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INTERMEDIATE COURT SHOULD PRONOUNCE ON ALL ISSUES

Dictum

This approach is in keeping with the advice often given by this Court that where a Court is not the final Court on the subject matter, it should endeavour to proffer an opinion on all the issues submitted to it so that the appellate Court would have the benefit of the Court’s reasoning in the event that it does not agree with the position of the Court on the issue of competence, jurisdiction, locus standi, etc.

— K.M.O. Kekere-Ekun, JSC. MTN v. Corporate (2019) – SC.674/2014

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PROPER APPROACH TO ISSUES OF FACT

In Adeyeye v. Ajiboye (1987) 3 N.W.L.R. (Pt.61) 432 at p.451, I referred to what I thought was the proper approach to the issues of fact and findings of fact by trial Courts viz: “The proper approach for any trial court is first set out the claim or claims; then the pleadings, then the Issues arising from those pleadings. Having decided on the issues in dispute the trial Judge will then consider the evidence in proof of each issue, then decide on which side to believe and this has got to be a belief based on the preponderance of credible evidence and the probabilities of the case. After this the trial Judge will then record his logical and consequential findings of fact. It is after such a finding that the trial court can then discuss the applicable law against the background of his findings of fact.”

— Oputa JSC. Onwuka & Ors. V. Ediala & Anor. (SC.18/1987, 20 January 1989)

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ISSUE CANVASSED BELOW CAN BE DECIDED BY SUPREME COURT EVEN IF NOT APPEALED

There is however an aspect which offends against the provisions of our Constitution relating to the guaranteed freedom of association. There is no ground of appeal before us by the appellant or a cross-appeal by the respondent covering this point. However, the issue was canvassed in the court below. Unfortunately, the court below expressed no opinion on it. This Court can in exercise of its powers under Section 22 of the Supreme Court Act, Cap. 424 decide the issue.

– Karibe-Whyte JSC. Agbai v. Okogbue (1991) – SC 104/1989

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JUDGEMENT MUST BE CONFINED TO PARTIES ISSUES

This is because it is a fundamental principle of the determination of disputes between parties that judgment must be confined to the issues raised by the parties and it is not competent for the court to make a case for either or both of the parties and then proceed to give judgment on the case so formulated contrary to the case of the parties.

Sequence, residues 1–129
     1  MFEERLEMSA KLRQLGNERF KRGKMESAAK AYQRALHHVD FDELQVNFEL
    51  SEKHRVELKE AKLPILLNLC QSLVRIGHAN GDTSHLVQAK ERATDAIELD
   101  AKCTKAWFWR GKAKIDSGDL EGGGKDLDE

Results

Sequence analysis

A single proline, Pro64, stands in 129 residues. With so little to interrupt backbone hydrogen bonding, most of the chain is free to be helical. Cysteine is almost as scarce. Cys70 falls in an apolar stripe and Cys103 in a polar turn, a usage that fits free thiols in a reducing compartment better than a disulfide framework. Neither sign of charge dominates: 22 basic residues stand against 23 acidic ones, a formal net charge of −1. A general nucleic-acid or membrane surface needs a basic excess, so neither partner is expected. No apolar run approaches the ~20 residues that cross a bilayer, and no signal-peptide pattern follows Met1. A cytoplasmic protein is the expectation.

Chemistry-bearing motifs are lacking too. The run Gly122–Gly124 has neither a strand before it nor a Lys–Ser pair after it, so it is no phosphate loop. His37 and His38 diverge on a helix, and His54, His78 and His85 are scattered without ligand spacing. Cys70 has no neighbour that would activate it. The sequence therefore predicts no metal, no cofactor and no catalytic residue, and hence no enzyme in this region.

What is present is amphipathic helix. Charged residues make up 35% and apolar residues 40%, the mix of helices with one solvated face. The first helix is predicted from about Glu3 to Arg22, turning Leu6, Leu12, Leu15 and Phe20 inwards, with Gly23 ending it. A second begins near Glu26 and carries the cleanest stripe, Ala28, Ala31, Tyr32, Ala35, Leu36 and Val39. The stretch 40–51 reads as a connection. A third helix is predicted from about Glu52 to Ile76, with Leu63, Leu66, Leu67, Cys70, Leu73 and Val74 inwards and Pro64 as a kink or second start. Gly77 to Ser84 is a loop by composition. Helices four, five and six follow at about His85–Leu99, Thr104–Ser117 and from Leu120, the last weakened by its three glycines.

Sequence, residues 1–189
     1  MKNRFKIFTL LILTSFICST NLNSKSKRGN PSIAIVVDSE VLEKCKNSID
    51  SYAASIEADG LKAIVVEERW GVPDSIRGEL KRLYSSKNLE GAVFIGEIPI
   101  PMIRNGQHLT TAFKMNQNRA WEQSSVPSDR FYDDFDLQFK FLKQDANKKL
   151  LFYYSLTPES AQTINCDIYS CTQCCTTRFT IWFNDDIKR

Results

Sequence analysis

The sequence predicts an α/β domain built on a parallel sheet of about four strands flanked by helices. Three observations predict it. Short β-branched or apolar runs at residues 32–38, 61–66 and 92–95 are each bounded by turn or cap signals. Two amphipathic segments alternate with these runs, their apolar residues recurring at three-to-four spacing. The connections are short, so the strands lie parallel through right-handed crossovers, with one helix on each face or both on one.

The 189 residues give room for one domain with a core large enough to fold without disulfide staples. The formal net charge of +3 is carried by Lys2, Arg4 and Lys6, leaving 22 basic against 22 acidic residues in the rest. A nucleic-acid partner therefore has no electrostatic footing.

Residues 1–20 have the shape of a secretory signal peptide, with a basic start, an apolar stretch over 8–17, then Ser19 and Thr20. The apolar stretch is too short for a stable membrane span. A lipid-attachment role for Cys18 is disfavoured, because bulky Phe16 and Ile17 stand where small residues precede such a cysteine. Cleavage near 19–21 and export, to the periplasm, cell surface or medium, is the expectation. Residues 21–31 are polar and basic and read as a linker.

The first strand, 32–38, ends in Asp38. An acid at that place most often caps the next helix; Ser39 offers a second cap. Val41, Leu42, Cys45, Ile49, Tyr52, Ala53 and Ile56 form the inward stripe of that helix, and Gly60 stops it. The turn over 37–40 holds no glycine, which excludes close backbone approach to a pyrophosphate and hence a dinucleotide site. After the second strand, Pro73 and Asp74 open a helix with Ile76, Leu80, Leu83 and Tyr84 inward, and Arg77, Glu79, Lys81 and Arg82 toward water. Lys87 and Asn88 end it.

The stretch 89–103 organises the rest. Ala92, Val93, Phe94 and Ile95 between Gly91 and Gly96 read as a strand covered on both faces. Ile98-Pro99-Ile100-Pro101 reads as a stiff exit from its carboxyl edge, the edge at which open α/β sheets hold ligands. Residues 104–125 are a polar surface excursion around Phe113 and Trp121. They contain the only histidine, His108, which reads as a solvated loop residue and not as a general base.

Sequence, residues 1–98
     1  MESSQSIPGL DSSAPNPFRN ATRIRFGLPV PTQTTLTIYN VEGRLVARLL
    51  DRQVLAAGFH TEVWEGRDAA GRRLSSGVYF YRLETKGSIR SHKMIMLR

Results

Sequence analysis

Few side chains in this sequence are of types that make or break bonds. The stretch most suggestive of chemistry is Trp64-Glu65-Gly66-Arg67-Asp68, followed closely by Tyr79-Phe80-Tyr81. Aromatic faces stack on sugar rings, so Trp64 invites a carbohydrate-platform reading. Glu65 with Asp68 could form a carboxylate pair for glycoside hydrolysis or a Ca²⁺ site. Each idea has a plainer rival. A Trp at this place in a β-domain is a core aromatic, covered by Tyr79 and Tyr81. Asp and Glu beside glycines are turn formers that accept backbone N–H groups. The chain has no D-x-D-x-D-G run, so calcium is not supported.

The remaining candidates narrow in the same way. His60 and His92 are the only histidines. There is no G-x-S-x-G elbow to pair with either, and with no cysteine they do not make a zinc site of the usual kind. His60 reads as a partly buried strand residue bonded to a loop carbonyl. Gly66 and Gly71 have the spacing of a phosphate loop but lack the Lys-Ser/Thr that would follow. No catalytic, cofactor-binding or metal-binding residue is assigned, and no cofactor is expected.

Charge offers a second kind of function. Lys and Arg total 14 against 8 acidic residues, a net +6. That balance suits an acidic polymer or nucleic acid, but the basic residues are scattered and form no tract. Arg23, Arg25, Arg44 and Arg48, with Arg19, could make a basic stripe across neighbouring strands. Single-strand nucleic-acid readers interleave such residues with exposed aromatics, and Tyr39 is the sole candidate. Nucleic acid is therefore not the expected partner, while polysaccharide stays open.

– Iguh, JSC. Oshatoba v. Olujitan (2000)

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TRIAL COURT HAS A DUTY TO DECIDE ALL ISSUES ARISING

Adjudication in our courts is our human attempt, (however imperfect), circumscribed as it is by our human limitations, to do justice between the parties before the court. It is of the essence of justice and fairness that cases are decided on their merits. This imposes a duty on the trial judge to consider all the issues arising between the parties before deciding for or against any such party. When a trial court fails in this duty he has merely decided half the case and not the whole case.

– Oputa JSC. OLUFOSOYE v. OLORUNFEMI (1989)

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AN APPEAL COURT CAN FORMULATE AN ISSUE – RELATEABLE TO THE GROUND OF APPEAL

From the furore of the complaints of the appellant which seem more academic than based on legal principles, it needs be restated that the Court of Appeal has a wide unfettered discretionary power to formulate its own issues in the interest of Justice, provided they relate to the grounds of appeal and flow therefrom. Stated in other words, an Appeal Court can formulate its own issues where in its opinion, the issues formulated by the parties would not justify or equitably dispose off the appeal before it. Further still, an Appeal Court can also with in the same manner, prefer or adopt the issue or issues formulated by any of the parties to an appeal where same would enable it do justice to the appeal.

– M. Peter-Odili, JSC. Makanjuola v. State (2021)

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SUPERFLUOUS AND OVERLAPPING ISSUES ARE NOT NECESSARY

The issues formulated by the parties are needlessly overlapping and superfluous in several aspects. The Appellants formulated twelve (12) issues for determination when in actual fact the contention in this appeal appears straightforward. On their part, the Respondents formulated seven (7) issues with inelegant verbosity. This is not necessary in a Court as busy as the Supreme Court, perhaps any Court at all.

— S.D. Bage, JSC. Onyekwuluje v Animashaun (2019) – SC.72/2006

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